The album also includes hits “One on One” and “Family Man.” The former takes a bit to grow on you, but once it does, it never lets go. The soothing opening keys and Hall’s falsetto makes it sound like a lounge song from the 70s. And if you’re not used to Hall hitting those high notes, it comes off a little weird, but soon enough you’ll be singing “Whoooa, one on one/I wanna play that game tonight/One on one I know” with him. It’s a slow jam about getting some face time with your lover. To make sure you get in the mood, the sax comes in during the bridge adding a suave vibe to the song. It’s a Hall and Oates classic that never seems to get much attention.

Family Man” is actually a Mike Oldfield cover about a man being proposition by a prostitute. He resists by screaming “Leave me alone/I’m a family man!” The song has a rock vibe with beefy guitars with some weird muted music making it sound like they’re in the middle of a jungle for a moment of the song. What makes the Hall and Oates version stand out is how Hall’s vocals get more intense near the end, showing how this “family man” is about to lose it. And it has a hook that lodges itself in your head. I woke up one day with the hook repeating in my head. No joke.

Though the album is mostly solid, there are some real stinkers. And unfortunately, they’re both written by John Oates. “Italian Girls” is a throwaway track filled with Italian stereotypes while Oates sings “Where are the Italian girls?” It’s so upbeat and generic it almost plays like a comedy song from the 80s. Instead, it’s stuck on the tail end of the album bringing down the second half. The following track “At Tension” doesn’t sound cheesy, but it’s so unfitting. Oates’ back on vocals singing about war and the military. It’s out of place because most of the songs are about relationships. It’s also drawn out, slow, and boring making it a song you can’t wait to be over. Luckily, the end of the album is saved by the catchy slow jam, “Go Solo,” which finds Hall rightfully back on vocal duty.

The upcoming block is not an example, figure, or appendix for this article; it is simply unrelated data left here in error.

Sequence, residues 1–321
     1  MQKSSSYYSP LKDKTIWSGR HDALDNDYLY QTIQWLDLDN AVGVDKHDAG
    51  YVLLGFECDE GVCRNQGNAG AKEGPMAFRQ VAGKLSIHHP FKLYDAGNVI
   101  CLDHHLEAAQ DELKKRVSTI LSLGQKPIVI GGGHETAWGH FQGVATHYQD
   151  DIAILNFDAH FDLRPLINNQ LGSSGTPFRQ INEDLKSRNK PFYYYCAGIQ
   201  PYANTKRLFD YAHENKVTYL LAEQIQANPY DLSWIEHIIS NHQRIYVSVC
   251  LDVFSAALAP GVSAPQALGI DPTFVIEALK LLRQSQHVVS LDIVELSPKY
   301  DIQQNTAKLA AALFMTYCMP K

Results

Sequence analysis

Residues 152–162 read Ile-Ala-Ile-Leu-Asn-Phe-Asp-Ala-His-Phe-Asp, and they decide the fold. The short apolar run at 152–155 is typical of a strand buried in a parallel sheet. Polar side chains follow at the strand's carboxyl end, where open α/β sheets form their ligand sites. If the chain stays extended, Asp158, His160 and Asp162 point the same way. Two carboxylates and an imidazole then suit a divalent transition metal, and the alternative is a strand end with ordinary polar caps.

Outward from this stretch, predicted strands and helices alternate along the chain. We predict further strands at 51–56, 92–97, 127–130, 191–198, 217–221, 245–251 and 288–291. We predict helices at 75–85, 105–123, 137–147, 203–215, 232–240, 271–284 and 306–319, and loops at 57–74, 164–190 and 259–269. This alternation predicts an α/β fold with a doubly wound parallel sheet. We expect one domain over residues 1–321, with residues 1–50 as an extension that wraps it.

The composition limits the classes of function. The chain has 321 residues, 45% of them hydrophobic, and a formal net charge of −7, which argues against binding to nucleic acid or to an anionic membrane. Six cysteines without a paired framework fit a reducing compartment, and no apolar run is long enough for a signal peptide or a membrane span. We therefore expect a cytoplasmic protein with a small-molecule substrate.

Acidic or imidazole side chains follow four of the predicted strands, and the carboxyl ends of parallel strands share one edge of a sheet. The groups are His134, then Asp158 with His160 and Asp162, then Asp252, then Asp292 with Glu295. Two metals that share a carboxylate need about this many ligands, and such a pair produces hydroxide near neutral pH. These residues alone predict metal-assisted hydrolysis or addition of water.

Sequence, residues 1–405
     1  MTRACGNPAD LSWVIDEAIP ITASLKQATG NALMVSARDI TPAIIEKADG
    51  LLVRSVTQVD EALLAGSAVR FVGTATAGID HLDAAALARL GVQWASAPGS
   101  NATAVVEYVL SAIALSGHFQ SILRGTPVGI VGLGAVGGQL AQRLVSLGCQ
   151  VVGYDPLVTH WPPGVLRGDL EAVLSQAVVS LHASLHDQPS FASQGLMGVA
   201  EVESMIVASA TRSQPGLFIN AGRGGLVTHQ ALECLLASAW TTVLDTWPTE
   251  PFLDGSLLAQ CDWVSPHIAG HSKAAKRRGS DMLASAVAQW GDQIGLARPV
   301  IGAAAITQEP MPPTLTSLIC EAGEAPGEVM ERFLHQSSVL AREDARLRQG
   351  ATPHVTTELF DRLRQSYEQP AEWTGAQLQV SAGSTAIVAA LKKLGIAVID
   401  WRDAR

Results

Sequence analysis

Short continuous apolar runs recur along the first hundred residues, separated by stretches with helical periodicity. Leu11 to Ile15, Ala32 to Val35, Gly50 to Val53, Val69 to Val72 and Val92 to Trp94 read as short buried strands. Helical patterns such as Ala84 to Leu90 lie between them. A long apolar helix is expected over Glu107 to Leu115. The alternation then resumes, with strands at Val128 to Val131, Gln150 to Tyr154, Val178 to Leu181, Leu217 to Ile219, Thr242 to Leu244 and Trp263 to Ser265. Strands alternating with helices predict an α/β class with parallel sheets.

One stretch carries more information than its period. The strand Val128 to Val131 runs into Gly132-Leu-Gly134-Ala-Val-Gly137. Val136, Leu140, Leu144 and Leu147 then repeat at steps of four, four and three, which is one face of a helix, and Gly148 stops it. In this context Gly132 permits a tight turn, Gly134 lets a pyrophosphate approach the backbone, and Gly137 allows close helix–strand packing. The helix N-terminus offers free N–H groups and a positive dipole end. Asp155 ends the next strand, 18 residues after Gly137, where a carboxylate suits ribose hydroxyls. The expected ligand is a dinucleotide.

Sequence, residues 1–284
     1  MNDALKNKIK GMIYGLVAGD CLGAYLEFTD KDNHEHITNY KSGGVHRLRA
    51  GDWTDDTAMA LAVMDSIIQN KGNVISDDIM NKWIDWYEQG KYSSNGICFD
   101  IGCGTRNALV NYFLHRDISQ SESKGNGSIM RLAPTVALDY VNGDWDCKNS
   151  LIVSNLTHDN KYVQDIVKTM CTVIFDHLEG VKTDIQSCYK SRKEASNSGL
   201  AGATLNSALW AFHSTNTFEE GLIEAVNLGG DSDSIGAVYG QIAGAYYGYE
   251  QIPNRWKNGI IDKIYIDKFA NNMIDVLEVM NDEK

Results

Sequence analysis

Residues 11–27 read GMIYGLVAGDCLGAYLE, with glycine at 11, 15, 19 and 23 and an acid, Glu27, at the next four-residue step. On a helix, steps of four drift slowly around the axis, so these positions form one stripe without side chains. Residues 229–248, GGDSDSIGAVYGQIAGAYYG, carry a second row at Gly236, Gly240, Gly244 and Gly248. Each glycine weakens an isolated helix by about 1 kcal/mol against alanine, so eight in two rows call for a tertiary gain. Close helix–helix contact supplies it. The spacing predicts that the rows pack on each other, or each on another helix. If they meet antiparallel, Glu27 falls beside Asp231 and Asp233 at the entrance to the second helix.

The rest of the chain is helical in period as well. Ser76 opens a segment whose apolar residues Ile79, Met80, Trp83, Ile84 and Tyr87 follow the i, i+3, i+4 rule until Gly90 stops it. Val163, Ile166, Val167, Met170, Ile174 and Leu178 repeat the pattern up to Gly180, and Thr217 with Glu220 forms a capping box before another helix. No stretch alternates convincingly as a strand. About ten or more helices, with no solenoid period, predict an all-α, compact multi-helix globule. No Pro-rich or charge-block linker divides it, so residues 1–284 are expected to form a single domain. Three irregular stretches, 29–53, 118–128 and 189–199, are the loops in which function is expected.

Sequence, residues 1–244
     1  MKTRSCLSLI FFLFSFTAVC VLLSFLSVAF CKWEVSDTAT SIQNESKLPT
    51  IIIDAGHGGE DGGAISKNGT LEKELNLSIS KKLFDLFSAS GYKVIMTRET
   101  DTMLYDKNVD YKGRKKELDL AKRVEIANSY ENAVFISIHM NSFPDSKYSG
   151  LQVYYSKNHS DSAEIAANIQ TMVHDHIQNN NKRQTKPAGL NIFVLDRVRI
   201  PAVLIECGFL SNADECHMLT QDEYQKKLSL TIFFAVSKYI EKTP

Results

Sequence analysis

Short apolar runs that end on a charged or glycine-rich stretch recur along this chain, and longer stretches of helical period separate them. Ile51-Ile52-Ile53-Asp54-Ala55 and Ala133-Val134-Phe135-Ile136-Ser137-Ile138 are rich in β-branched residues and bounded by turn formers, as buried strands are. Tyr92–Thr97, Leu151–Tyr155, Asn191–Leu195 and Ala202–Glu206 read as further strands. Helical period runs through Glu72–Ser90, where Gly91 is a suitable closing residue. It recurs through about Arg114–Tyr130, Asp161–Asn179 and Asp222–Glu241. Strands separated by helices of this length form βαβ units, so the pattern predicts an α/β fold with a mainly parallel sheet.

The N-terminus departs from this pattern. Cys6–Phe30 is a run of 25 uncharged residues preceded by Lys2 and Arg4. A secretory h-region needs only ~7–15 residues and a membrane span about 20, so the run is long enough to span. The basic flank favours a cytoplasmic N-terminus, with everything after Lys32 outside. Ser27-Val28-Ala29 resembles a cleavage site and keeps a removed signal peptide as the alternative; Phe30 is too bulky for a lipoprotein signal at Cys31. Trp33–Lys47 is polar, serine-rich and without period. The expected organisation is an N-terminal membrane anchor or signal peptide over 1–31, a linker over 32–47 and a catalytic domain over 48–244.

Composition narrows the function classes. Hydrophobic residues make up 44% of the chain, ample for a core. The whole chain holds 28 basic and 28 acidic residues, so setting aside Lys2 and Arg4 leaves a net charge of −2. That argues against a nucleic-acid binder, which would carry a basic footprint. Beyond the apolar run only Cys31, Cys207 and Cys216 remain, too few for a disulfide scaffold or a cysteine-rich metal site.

H2O is just one of the numerous hit albums for this duo. Though it’s not as upbeat and fun as Big Bam Boom, it’s a solid record. Most of the songs are memorable and have that classic Hall and Oates touch that makes their music so irresistible. What I appreciate about the record is how it shows off more of their soul and R&B influences, which isn’t always easy to hear on tracks like “Out of Touch.” And if you needed proof that Daryl Hall is a stellar vocalist look no further than this album. He has an impressive range and his soulful crooning is like no other. There’s some filler along with flat out bad songs, but the album is enjoyable. If you have a Hall and Oates that needs scratching, this album will be your satisfaction.

Love Stuff – Elle King

Release Year: 2015

Rating: 7/10

With so many websites, playlists, and music videos, sometimes it’s hard to find good new music. But every once in a while you get lucky while watching late night TV. I first heard of Elle King when watching an episode of the Tonight Show. I thought her voice was interesting and the song was kind of catchy, so I decided to check out her debut and though it’s not flawless, I was not disappointed.

King’s style should appeal to any Jack White fans. Her music is a mix of rock, pop, soul, blues, and country, which make for some gritty tunes. The opening track “Where the Devil Don’t Go” introduces listeners to King’s old school blues/country sound. The song seems right in line with traditional blues tunes since it deals with the topic of devils and sinners. She has a distinct voice that’s kind of rough and edgy, with a hint of a southern accent. The catchy “Ex’s & Oh’s” is a tongue in cheek track about all the men King has lured and how they can’t leave her alone. She sounds coy as she sings “One, two, three/they’re gonna run back to me/they always wanna come, but they never wanna leave.” It’s an upbeat song with a bit of a rock n roll edge, especially when the guitar solo comes in. It’s definitely a highlight of the LP.

Under the Influence” pulls back on the country vibe and amps up the pop and soul mood. What’s weird about is every time I hear it, it reminds me of something Adele would do. A lot of it has to do with the subdued, slow tempo of the song. It also has this slinky vibe that keeps the song from the dragging on. King isn’t shy about being rough around the edges, as she shows on “Last Damn Night.” Here, she talks about living life to the fullest and partying like there’s no tomorrow. It’s definitely southern rock in nature and just try not to think about Jack White when you hear the dirty licks and jangly pianos.

King dedicates the middle of the LP to her country roots. The tragic tale of “Kocaine Karolina” sounds like an old school country song with just her gritty vocals and a banjo while “Song of Sorrow” is more of an upbeat bluegrass jam complete with banjo and fiddle. “America’s Sweetheart” delves more into country pop with fast twanging guitars ready for a duel and a honky tonk feel. During the pre-chorus when she sings “kick out the jams/kick up the soul” you can picture people stomping their feet and clapping their hands like they’re in a hoedown. These songs aren’t bad, but they may not appeal to those who aren’t fans of country music.